The other problem that keeps people from appreciating the potential of telomerase therapy is inertia, or perhaps inertia and the fear of undermining their own careers. It’s not merely the inertia of never examining our assumptions, but the professional inertia that occurs when we suspect that – should we examine those assumptions – our entire professional lifetime of work may have been not only misdirected, but be seen as valueless, a truly frightening thought and an understandable fear. Human nature being what it is, the result is a stolid inertia from professionals who have spent many decades pursuing a faulty (and incomplete) model of aging and age-related disease. If any of us had spent 40 years of our professional life working for certain global pharmaceutical firms, for example, we would be loathe to give up the assumption that beta amyloid causes Alzheimer’s disease. After all, that model (despite lacking any support) has been the central focus, the raison-d’etre, for everything we have done professionally for several decades. Would any of us be willing to look clearly at reality, knowing that an honest, thoughtful, and careful appraisal of reality might suggest we had wasted those years, along with our personal efforts and dedication? It is asking too much of human nature. In a corporate, rather than a personal sense, this is equally true of drug companies that have invested hundreds of millions of dollars in what has now been proven to be a fruitless endeavor. The endeavor has been aimed at the wrong target, but it’s a lot of years, a lot of money, and a lot of effort, making it difficult to be honest about the prospects, let alone willing to go back to square one and ask if our assumptions were wrong in the first place. Old adages notwithstanding, people and institutions really do “throw good money after bad” and we do it both with a will and stunning consistency.

Yet, there is reason for a realistic optimism. Over the past two decades, there are a growing number of people who look at the data, reexamine their assumptions, and develop a close relationship with the reality of how aging works. That number continues to escalate, and the time when we can take telomerase therapy to an effective clinical trial continues to shrink. We see resources and commitment moving steadily toward a more sophisticated understanding of both Alzheimer’s disease and aging itself. The combination of resources and commitment will soon bring us to a new ability to treat diseases that, until now, have been beyond our understanding, let alone beyond our help.

We have the compassion to save lives; we will soon have the ability.

December 1, 2017

Big Pharma: Still Looking for the Horse

About a century ago, in a small American town, the first automobile chugged to a stop in front of the general store, where a local man stared at the apparition in disbelief, then asked “where’s your horse?” A long explanation followed, involving internal combustion, pistons, gasoline, and driveshafts. The local listened politely but with growing frustration, then broke in on the explanation. “Look”, he said, “I get all that, but what I still want to know is ‘where is your horse?’”

About three hours ago, in a teleconference with a major global pharmaceutical company, I was invited to talk about telomerase therapy and why it might work for Alzheimer’s, since it doesn’t actually lower beta amyloid levels. I explained about senescent gene expression, dynamic protein pools whose recycling rates slow significantly, causing a secondary increase in amyloid plaques, tau tangles, and mitochondrial dysfunction. The pharmaceutical executive listened (not so politely) with growing frustration, then broke in on the explanation. “Look”, she said, “I get all that, but what I still want to know is how does telomerase lower beta amyloid levels?”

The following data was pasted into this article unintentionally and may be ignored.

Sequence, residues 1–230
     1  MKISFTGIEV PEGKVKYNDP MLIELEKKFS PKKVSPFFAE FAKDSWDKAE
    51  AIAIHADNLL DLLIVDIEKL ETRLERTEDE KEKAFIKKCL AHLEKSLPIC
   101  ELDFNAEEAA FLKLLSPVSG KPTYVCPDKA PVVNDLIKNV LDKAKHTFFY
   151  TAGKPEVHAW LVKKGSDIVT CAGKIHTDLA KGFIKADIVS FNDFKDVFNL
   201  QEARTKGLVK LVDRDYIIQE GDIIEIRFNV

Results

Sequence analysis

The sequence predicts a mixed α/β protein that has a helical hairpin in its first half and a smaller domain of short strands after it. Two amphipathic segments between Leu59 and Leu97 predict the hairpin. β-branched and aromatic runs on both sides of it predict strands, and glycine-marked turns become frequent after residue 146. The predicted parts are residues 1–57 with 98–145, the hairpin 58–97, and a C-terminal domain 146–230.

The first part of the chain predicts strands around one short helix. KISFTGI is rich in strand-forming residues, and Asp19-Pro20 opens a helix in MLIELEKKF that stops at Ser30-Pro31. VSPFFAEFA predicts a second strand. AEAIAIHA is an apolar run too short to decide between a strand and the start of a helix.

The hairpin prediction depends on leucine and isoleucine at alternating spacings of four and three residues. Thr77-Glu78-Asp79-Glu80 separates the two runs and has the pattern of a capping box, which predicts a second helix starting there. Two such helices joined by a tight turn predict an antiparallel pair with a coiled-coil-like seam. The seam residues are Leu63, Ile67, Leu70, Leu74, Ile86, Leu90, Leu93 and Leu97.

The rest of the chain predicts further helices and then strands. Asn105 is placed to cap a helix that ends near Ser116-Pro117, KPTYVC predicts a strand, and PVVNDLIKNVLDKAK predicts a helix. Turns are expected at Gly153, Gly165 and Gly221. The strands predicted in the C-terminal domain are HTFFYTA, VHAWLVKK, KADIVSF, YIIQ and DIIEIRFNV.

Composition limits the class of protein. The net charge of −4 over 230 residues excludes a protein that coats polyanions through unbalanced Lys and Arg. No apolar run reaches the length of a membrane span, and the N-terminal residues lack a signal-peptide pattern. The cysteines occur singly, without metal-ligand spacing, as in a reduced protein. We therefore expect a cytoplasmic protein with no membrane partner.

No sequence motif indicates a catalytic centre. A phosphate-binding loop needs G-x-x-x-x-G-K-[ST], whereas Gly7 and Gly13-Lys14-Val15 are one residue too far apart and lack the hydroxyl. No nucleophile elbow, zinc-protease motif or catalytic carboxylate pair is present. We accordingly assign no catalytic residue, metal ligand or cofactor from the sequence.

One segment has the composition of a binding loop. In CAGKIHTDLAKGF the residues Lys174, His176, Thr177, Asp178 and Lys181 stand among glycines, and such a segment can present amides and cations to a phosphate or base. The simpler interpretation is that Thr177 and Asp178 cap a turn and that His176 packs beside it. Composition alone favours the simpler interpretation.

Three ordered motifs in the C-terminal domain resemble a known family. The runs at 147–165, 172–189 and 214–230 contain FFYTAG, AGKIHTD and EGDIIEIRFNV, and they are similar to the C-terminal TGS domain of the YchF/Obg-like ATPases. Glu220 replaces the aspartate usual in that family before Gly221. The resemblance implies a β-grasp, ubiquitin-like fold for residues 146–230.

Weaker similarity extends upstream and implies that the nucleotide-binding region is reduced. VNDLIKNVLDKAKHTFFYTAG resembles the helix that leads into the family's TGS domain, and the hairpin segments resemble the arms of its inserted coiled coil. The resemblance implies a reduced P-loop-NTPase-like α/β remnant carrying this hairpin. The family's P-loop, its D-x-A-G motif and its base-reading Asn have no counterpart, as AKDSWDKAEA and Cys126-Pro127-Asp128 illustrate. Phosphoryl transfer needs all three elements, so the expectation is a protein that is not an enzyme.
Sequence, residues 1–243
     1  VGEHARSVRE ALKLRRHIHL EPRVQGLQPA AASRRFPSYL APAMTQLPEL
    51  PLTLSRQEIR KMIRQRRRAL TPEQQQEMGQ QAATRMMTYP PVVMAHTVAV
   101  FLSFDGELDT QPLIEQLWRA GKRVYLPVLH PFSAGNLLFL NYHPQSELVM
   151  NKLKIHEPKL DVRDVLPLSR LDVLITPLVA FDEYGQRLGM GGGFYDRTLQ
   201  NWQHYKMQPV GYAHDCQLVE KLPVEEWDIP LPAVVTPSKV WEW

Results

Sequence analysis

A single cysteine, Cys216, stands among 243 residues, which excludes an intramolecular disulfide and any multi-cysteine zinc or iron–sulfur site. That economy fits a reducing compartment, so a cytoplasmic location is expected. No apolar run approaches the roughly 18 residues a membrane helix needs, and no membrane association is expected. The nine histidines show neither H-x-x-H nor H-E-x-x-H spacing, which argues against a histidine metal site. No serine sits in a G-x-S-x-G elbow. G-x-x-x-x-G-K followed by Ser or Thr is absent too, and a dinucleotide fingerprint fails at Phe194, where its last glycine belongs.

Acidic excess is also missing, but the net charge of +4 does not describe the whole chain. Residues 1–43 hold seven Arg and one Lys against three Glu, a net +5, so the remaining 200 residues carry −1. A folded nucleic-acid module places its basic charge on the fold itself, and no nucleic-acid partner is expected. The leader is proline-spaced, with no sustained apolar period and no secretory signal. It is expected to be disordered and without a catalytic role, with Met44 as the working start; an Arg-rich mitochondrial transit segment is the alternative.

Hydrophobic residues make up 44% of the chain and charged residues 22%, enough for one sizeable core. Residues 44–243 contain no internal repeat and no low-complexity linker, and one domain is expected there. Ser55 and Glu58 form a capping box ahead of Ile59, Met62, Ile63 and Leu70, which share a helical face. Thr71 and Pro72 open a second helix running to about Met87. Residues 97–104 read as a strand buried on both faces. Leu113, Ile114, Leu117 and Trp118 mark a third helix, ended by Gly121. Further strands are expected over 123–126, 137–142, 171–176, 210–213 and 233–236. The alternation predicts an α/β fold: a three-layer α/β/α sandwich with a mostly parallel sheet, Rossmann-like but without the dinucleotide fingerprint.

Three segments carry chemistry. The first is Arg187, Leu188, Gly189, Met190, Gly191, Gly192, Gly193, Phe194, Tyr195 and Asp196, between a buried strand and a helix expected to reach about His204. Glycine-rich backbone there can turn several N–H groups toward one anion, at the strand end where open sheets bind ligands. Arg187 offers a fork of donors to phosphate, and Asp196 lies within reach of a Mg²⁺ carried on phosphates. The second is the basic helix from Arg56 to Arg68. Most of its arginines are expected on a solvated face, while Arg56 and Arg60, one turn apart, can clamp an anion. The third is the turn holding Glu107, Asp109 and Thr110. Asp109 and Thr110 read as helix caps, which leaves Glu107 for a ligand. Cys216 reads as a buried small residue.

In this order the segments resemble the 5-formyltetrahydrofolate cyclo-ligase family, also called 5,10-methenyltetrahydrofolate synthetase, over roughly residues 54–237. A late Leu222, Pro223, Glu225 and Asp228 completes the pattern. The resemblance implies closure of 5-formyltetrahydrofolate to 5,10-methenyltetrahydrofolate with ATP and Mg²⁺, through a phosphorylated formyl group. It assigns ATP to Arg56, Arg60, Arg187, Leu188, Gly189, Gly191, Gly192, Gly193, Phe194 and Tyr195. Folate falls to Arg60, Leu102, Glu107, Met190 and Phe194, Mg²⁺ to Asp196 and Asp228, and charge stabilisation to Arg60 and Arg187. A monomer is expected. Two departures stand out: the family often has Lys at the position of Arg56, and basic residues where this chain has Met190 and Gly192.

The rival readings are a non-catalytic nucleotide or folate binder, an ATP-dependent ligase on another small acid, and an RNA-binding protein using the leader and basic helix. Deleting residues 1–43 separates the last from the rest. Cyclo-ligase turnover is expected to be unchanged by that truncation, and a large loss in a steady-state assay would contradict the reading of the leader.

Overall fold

In short, she wanted to know where I had hidden the horse.

The global pharmaceutical company that invited me to talk with them had, earlier this year, given up on its experimental Alzheimer’s drug that aimed at lowering beta amyloid levels, since it had no effect on the clinical course. None. They have so far wasted several years and several hundred million dollars chasing after amyloid levels, and now (as judged by our conversation) they still intent on wasting more time and money chasing amyloid levels. We offered them a chance to ignore amyloid levels and simply correct the underlying problem. While not changing the amyloid levels, we can clean up the beta amyloid plaques, as well as the tau tangles, the mitochondrial dysfunction, and all the other biomarkers of Alzheimer’s. More importantly, we can almost certainly improve the clinical course and largely reverse the cognitive decline. In short, we have a new car in town.

As with so many other big pharmaceutical companies, this company is so focused on biomarkers that they can’t focus on what those markers imply in terms of the dynamic pathology and the altered protein turnover that underlies age-related disease, including Alzheimer’s disease. And we wonder why all the drug trials continue to fail. The executive who asked about amyloid levels is intelligent and experienced, but wedded to an outmoded model that has thus far shown no financial reward and – worse yet – no clinical validity. It doesn’t work. Yet this executive met with me as part of a group seeking innovative approaches to treating Alzheimer’s disease.

Their vision is that they are looking for innovation.

The reality is that they are still looking for the horse.